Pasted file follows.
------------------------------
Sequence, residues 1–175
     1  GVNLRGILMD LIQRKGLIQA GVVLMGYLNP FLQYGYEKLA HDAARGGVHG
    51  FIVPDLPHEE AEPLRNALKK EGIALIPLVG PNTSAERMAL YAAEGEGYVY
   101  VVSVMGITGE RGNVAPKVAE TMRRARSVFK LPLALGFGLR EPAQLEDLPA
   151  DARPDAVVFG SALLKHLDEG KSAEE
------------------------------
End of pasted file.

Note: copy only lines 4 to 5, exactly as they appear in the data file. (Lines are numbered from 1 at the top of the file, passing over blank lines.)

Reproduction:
   101  VVSVMGITGE RGNVAPKVAE TMRRARSVFK LPLALGFGLR EPAQLEDLPA
   151  DARPDAVVFG SALLKHLDEG KSAEE